While I'm sure today some tech guys could write an algorithm to enhance a "pitch", the Entertainment Industry relied pretty much on a pitch as an art form - just the right mix of excitement and temptation, an encapsulated plot, dropping a name or two of who might star in the vehicle (or at least a star "type" - "imagine, if you will, Meryl Streep in the part……."), all designed to appeal to the universal desire for box office success. (The music industry version was a pitch accompanied by a "demo" tape - and so, while still selling a dream, had attached to it an actual example of the potential - both a plus and a huge minus in that it's sometimes easier to sell a dream if the particulars are left to the imagination).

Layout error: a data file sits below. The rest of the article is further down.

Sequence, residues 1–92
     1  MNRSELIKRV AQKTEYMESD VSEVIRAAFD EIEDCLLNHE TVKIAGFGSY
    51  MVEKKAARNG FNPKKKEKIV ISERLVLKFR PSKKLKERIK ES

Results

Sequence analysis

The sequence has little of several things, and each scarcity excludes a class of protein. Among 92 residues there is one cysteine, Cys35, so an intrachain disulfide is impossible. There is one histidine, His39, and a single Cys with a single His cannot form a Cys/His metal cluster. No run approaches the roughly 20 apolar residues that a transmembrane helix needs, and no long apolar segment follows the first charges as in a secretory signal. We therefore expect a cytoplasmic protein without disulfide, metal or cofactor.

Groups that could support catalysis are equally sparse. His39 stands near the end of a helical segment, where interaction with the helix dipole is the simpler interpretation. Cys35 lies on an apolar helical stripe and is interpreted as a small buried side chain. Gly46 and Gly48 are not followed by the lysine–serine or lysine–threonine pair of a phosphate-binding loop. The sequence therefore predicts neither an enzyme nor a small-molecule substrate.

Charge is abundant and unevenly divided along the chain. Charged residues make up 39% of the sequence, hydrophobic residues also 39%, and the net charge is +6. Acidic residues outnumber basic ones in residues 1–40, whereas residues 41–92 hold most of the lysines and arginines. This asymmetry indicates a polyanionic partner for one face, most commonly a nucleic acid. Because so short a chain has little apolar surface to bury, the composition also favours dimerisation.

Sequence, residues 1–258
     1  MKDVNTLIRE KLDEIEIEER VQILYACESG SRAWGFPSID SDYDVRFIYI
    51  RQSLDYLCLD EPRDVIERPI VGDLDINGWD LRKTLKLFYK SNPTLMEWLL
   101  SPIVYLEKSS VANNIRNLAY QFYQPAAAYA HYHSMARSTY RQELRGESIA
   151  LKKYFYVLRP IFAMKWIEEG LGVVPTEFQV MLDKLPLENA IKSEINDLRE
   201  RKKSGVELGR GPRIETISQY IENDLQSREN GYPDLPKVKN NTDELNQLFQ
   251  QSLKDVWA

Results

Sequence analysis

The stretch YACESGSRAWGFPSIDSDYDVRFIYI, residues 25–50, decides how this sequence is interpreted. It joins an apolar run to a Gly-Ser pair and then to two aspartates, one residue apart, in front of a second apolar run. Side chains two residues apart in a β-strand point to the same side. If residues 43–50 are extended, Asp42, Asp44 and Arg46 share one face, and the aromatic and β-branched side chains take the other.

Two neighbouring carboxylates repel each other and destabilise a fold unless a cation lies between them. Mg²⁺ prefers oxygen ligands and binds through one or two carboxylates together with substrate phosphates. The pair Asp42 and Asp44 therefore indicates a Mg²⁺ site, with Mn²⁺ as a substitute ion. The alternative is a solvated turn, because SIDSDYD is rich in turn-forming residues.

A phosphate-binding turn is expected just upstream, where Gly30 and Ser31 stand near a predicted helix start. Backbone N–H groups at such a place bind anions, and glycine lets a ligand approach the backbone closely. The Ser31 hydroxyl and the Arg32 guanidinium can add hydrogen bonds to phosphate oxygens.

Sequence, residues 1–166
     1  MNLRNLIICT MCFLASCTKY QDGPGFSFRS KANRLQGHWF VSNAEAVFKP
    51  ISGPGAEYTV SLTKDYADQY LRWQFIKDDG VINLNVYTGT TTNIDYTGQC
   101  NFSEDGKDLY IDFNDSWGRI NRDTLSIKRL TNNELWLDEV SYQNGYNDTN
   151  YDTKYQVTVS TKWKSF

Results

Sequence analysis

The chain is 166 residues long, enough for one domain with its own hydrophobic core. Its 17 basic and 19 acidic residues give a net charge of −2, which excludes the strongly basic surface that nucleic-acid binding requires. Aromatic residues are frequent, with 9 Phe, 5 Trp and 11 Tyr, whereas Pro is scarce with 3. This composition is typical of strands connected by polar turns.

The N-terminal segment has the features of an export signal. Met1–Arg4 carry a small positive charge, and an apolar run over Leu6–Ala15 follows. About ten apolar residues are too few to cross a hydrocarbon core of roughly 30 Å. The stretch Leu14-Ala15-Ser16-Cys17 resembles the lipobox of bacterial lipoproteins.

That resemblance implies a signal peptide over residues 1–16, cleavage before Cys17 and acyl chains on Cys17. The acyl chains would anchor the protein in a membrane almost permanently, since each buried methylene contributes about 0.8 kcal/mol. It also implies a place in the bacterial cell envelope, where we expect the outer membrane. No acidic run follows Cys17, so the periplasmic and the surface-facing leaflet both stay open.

And pitches are hardly limited to ideas or projects. We all pitch things both personal and professional all the time. We're pitching when we apply for a job and when we try to recruit talent. We're pitching when we invite people into our circles, and when we seek to be included in other's spheres. We're pitching when we seek a raise or try to raise money - whatever the purpose. In fact, while we don't necessarily think of it as "pitching", we are probably pitching things on a daily basis. Recruiting a new board member is a pitch, courting donors is a pitch, negotiating an agreement on something is a pitch, selling audiences is a pitch, arguing for a marketing approach is a pitch.. Even your suggestion to your spouse of where to go to dinner, or what movie to see, is a pitch.